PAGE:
NEW YORK – Kim Jong Il’s visit to China this week was a gentle reminder that the road to Pyongyang leads through Beijing. China is the only power that has remained engaged with North Korea, through many ups and downs, whereas Russia, Japan, the United States, and South Korea have all come and gone.
By keeping a door open to North Korea’s leaders, China is making a substantial contribution to regional peace. This is bold diplomacy – for which China is given little credit – at a highly sensitive moment.
Nevertheless, China’s “leverage” over North Korea is in part illusory. Kim’s visit should be evaluated in terms of Chinese-North Korean relations as they are, rather than as others might wish them to be. Doing so reveals the role left to America and South Korea to engage the North in order to revive the denuclearization process and repair inter-Korean relations.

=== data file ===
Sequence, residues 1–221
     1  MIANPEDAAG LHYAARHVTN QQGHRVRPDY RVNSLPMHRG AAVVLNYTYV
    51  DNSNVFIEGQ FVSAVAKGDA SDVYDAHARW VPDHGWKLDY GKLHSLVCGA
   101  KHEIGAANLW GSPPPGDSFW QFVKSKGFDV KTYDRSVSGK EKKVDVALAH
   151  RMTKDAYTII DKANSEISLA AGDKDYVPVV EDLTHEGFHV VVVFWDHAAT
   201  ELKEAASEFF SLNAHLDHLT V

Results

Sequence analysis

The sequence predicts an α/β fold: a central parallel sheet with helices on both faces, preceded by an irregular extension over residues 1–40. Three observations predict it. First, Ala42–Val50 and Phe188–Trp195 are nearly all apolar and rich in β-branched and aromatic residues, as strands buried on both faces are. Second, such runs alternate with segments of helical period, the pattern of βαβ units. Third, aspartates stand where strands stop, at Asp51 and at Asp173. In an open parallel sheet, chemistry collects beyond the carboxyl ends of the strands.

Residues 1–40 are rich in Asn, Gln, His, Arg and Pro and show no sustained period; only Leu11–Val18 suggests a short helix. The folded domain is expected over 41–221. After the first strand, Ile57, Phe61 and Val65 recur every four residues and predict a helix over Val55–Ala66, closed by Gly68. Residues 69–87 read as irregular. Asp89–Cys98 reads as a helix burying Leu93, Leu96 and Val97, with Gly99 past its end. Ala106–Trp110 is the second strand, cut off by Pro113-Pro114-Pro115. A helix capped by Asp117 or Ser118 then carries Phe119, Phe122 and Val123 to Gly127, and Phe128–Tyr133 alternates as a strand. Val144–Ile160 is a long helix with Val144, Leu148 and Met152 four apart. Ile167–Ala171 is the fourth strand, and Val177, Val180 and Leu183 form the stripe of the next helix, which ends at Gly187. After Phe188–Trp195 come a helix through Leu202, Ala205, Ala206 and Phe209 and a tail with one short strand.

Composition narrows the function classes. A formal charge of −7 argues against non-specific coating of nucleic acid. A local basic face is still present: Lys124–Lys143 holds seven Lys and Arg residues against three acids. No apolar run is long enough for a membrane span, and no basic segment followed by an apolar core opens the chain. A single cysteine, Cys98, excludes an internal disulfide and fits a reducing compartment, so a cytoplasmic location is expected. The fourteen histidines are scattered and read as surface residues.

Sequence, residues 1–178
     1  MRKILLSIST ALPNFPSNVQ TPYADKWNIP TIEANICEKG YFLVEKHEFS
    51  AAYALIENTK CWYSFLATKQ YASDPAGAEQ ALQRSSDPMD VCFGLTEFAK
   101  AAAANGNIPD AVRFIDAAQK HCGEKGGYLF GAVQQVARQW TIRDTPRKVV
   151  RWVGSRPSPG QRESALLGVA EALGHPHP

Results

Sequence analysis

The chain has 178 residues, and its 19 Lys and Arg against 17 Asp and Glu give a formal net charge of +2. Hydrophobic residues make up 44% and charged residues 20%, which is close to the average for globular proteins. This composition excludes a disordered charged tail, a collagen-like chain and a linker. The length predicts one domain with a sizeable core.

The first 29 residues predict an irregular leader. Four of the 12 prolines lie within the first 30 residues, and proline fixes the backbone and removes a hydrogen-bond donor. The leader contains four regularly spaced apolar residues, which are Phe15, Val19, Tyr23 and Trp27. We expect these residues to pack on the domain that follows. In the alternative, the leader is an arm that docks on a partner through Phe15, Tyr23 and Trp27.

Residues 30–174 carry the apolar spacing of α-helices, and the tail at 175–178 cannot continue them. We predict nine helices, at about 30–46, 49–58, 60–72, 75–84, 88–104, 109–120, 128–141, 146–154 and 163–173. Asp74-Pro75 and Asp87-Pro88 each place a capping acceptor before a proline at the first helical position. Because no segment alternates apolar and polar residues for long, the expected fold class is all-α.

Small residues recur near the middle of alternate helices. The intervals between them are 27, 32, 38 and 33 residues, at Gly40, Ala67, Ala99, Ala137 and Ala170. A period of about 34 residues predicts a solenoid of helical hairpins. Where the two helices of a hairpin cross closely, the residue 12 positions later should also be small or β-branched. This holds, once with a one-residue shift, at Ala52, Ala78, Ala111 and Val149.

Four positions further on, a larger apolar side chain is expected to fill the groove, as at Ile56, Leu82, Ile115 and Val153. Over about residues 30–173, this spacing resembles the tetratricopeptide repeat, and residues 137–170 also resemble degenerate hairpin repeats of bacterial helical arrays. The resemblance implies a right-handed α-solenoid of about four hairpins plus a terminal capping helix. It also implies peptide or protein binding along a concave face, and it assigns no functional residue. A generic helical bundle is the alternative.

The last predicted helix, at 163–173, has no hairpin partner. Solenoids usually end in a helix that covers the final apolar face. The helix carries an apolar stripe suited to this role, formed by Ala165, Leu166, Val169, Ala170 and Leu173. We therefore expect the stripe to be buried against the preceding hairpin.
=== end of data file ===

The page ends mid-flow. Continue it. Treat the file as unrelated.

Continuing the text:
Three widespread misconceptions distorted the coverage of Kim’s visit to China. The first misconception is that he desperately sought Chinese aid to prop up his regime in the face of seething discontent after botched currency reforms. But, although North Korea’s latest economic travails have shaken the leadership, the regime has weathered worse. And the economic relationship between China and North Korea is driven as much by material interests and economic factors as it is by concerns over geopolitical stability.